National & World News
IS group seizes villages north of Syria's Aleppo
BEIRUT (AP) -- Islamic State militants seized a string of villages from rival insurgents north of the Syrian city of Aleppo on Friday in a surprise attack that came despite intensive Russian airstrikes that Moscow insists are targeting the extremist group, activists said.
Iranian state media reported that a senior commander in Iran's powerful Revolutionary Guard was killed by the Islamic State group on the outskirts of Aleppo city, but it was not immediately clear whether Gen. Hossein Hamedani's death was related to the new IS offensive.
An Iranian state television report said he was killed while "carrying out an advisory mission," and the official IRNA news agency read a statement by the Guard in which it blamed IS for his death. Neither report provided further details.
The IS advance - the most significant in months - came amid a wave of Russian airstrikes that have targeted insurgents fighting to topple President Bashar Assad, and a ground offensive by the Syrian army in the country's central region.
Moscow says it is targeting mainly Islamic State militants, but U.S. officials and Syrian rebels have said the strikes have hit mainstream rebels for the most part and are aimed at shoring up Assad's embattled government and troops. Many of the rebel groups hit by the Russian strikes are also at war with the IS group.
Opposition activists said the Islamic State group took advantage of Russian airstrikes and the rebels' preoccupation with fighting Syrian army forces on other fronts in central Syria.
"At a time when the rebels are waging fierce battles against the Russian occupiers in Hama countryside, Daesh seizes the Infantry Academy and a number of villages in Aleppo," said Hadi Abdullah, an activist with close links to the Army of Conquest, a coalition that includes mainstream rebels as well as al-Qaida's affiliate, the Nusra Front. Daesh is an Arabic acronym for the IS group.
The Army of Conquest, which had made a string of advances against government troops in recent months, has come under attack from Russian warplanes.
Other activists wondered where the Americans were.
"Why didn't America attack Daesh fighters during their attack?" asked Rami Abdurrahman, director of the Britain-based Syrian Observatory for Human Rights.
The Observatory said the extremists' surprise advance north of Aleppo, which began Thursday night, is the most significant in months. It said the militants seized the villages of Tal Qrah, Tal Sousin and Kfar Qares north of Aleppo, Syria's largest city and its onetime commercial capital.
The group also seized a former army base known as the Infantry Academy that rebels captured from the Syrian army two years ago. The base is located around 10 miles (16 kilometers) northeast of Aleppo city and about one mile (1.6 kilometers) away from a government-held industrial zone on the northern edge of Aleppo.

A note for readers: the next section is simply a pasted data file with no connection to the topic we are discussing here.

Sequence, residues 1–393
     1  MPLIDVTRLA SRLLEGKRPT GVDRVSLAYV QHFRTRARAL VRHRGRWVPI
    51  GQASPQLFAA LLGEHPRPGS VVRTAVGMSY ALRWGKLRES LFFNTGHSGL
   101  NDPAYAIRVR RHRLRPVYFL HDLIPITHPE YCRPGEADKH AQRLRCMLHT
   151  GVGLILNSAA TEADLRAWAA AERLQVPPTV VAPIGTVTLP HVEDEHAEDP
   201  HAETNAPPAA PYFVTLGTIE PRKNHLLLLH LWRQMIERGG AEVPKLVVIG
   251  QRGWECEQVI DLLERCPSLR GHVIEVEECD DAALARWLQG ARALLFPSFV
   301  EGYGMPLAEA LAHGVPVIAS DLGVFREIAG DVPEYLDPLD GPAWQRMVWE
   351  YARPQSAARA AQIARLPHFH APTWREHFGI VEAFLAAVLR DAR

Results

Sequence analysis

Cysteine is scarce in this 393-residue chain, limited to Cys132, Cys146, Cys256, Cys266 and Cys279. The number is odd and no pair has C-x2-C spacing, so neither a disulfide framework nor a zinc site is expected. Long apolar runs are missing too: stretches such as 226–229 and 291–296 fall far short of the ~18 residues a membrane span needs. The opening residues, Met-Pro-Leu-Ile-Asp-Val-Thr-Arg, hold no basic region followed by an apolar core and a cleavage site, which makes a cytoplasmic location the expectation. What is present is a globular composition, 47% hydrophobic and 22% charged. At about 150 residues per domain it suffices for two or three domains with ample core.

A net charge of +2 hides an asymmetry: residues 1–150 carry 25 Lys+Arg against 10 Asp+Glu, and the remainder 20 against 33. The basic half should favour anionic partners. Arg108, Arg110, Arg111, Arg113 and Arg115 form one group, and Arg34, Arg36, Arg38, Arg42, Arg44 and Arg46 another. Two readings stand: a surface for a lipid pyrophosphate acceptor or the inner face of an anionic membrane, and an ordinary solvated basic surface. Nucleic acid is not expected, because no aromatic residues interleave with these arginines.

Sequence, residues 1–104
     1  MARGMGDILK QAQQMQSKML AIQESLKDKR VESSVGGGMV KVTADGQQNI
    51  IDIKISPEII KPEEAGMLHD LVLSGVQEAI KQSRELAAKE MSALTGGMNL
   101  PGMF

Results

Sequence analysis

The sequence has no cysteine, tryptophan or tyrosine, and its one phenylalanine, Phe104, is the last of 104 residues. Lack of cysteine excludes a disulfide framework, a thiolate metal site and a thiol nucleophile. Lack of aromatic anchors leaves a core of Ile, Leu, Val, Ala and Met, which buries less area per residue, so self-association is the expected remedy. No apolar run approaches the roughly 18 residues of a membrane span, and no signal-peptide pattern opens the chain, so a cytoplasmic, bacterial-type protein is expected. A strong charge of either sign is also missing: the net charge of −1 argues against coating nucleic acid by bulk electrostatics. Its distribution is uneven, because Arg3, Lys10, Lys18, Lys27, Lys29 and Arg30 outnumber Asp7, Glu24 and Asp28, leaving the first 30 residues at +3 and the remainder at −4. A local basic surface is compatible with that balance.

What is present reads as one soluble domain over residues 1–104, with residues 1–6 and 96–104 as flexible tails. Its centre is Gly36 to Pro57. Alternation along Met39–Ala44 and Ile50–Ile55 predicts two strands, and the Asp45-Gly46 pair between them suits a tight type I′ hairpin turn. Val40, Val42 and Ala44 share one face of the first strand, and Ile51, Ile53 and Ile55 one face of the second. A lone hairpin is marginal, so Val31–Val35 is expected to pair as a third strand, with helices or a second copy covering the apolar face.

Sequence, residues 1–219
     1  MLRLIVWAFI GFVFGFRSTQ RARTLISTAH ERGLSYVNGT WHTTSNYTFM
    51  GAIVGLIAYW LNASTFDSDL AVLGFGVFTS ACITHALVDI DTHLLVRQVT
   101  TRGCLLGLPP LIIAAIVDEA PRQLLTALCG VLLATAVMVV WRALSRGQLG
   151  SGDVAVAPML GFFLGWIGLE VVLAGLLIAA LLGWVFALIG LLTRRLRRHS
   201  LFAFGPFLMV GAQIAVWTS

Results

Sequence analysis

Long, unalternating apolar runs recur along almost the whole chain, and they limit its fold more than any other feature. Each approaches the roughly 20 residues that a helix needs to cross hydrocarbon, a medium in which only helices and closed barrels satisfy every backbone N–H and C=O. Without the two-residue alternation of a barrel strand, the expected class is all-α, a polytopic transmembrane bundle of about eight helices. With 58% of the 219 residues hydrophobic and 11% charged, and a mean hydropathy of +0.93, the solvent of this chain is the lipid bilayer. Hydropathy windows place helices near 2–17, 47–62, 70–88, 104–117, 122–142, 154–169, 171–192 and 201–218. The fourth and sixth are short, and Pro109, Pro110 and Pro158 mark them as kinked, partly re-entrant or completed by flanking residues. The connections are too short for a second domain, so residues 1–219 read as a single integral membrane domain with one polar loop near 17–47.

The pro-IS Aamaq media outlet said the group seized six villages and other strategic positions in Aleppo province after battling with armed opposition groups there. It said the group opened its blitz with a surprise attack on the Infantry Academy, forcing rebels positioned there to withdraw after a number of their fighters were killed or captured.
It said militants then continued their advance toward nearby villages, killing and wounding rebels and seizing "qualitative weapons and ammunition" from them along the way.
It was not clear whether Hamedani's killing was related to that IS offensive. Abdurrahman said he was killed on the edge of the Kweiras military airbase, which the IS group has besieged for months. Syrian troops launched an offensive last week in an attempt to break the siege.
Kweiras base is about 31 miles (50 kilometers) away from the area of the IS offensive.
"Brig. Gen. Hamedani was martyred by Daesh terrorists during an advisory mission on the outskirts of Aleppo" on Thursday afternoon, said the terse statement read on IRNA.
Hamedani is one of the most senior Guard commanders to be killed in Syria, and the second to be killed this year. He was a veteran commander who had an important role in Iran's 1980-88 war with Iraq and was among top Iranian commanders coordinating fighting in Syria. Hamedani was also reportedly in charge of organizing and commanding the various Iranian-backed Shiite militias fighting alongside President Bashar Assad's forces.
Iranian officials, including Foreign Minister Mohammad Javad Zarif, lauded Hamedani's role in the fighting.
In January, Brig. Gen. Mohammad Ali Allahdadi was killed in an Israeli airstrike in Syria that also killed six Lebanese Hezbollah fighters.
Shiite powerhouse Iran is one of Syrian President Bashar Assad's main allies. Tehran has provided his government with military and political backing for years and has kept up its support since Syria's civil war began in 2011.
Guard commanders repeatedly have said Iran only has high-level advisers in Syria, denying it has fighters there.
Assad hails from Syria's Alawite religious minority, an offshoot of Shiite Islam. Syria's rebels mainly hail from the country's Sunni majority.
Associated Press writers Nasser Karimi and Ali Akbar Dareini in Tehran, Iran, and Bassem Mroue in Beirut contributed to this report.